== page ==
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PostPosted: Mon 11 Apr 2016 20:23 pm 
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As David says, there is no hard and fast sequence, many steps are optional. They depend upon what end result you are trying to achieve :juggle:
Sometimes I wash the runners, sometimes I'm too impatient and don't.
Mostly I prime, but sometimes I won't. I always undercoat and sometimes use honey primer for Alclad2 Lacquers.
I only pre-shade when I want some definition of panel lines.
For the main paint I was taught to apply the lightest shades and work towards the darkest (never light over dark).
Apply Klear as a foundation for the decals.
Apply the decals and seal with Klear.
Weather as/if required.
Matt, Gloss or Satin finish as appropriate.

You may want additional processes depending upon the subject.
Prime with black
Paint the exterior applying thin coats
Apply overall coat of Gloss varnish.
Apply the decals using Microset and Microsol liquids.
Seal with gloss varnish and allow to dry for at least 48 hours.
Apply washes. (Oil Paints heavily diluted with spirits) and paint details.
Coat overall with Matt Acrylic Varnish
When dry, dry-brush with lighter base colour and use torn piece of sponge to sparingly apply some more chips on edges, etc.
Spray Humbrol washes for dusty effect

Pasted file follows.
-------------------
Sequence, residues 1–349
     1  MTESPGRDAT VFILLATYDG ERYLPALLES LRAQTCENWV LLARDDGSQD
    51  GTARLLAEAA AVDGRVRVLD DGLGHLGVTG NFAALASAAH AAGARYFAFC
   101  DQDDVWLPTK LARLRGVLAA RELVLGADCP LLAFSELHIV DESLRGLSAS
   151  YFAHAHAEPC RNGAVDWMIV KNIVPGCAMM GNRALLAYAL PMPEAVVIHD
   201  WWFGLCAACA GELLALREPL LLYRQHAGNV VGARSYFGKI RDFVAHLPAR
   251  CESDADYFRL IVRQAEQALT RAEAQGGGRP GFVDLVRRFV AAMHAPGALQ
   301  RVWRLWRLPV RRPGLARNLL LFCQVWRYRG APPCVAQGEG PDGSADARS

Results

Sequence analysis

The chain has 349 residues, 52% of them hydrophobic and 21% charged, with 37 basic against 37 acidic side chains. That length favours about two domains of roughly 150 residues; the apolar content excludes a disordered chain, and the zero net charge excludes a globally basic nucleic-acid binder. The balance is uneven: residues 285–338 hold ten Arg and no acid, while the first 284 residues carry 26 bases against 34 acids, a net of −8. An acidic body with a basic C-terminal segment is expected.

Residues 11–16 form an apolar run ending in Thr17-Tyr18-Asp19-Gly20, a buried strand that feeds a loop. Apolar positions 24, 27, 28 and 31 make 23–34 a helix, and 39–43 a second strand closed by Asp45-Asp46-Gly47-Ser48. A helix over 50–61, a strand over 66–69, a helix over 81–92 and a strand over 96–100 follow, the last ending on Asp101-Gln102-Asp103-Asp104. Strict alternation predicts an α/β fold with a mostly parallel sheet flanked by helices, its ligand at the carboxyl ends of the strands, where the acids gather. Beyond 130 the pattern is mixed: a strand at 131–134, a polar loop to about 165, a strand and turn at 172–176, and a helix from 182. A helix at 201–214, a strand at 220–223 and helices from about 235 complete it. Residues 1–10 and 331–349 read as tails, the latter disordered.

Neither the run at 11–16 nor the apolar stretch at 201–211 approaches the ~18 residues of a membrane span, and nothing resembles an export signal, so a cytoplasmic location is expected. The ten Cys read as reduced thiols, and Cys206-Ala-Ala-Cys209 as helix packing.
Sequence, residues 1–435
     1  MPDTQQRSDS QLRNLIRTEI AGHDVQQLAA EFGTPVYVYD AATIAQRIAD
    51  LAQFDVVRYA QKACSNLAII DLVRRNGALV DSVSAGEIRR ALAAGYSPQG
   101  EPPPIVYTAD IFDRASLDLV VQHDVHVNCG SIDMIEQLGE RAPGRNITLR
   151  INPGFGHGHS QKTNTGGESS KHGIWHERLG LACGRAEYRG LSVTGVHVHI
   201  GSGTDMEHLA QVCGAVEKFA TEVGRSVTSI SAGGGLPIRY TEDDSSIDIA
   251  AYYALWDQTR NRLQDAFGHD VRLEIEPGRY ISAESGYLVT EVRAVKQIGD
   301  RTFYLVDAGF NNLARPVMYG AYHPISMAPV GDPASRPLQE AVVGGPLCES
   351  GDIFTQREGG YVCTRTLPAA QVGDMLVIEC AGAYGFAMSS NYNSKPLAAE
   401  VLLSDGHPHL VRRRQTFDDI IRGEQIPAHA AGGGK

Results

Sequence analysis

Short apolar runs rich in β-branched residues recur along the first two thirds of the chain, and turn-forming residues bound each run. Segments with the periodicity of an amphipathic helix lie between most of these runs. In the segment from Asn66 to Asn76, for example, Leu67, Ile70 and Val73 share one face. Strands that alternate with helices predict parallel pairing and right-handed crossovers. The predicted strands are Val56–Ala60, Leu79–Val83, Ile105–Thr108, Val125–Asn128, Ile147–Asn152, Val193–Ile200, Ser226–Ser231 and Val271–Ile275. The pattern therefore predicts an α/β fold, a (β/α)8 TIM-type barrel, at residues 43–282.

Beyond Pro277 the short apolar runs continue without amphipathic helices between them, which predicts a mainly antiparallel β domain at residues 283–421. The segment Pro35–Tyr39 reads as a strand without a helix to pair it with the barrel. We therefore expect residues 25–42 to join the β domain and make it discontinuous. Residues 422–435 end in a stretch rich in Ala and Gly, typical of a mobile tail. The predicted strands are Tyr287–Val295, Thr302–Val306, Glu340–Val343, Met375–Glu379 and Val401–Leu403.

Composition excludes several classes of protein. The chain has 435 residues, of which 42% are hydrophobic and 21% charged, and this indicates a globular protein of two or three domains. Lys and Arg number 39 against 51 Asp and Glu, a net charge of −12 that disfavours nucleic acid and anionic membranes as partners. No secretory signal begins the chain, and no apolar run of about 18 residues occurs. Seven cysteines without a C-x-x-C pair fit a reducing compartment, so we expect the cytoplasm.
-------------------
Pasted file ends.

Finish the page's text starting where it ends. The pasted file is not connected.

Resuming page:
Apply powdered pigments here and there for rust, oil, dust etc.
Add tracks and paint with acrylics
Either a soft pencil (4B) or weathering powders can be used for the worn metal tracks.

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PostPosted: Tue 12 Apr 2016 13:04 pm 
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I have developed a brush painting technique that works well for me and allows me to get a finish that looks like it was applied with an airbrush. I recommend Tamiya, MM Acryl, Xtracrylix or Revell Aquacolor paint. The clear coating are all done with Future/Klear or substitute.

1. Apply paint directly to plastic. Allow to dry.
2. Apply another coat. Allow to dry.
3. Apply another coat if needed. Allow to dry.
4. Apply a coat of Future/Klear straight out of the bottle to the entire model. Use a wide brush and scrub out each coat. Allow to dry.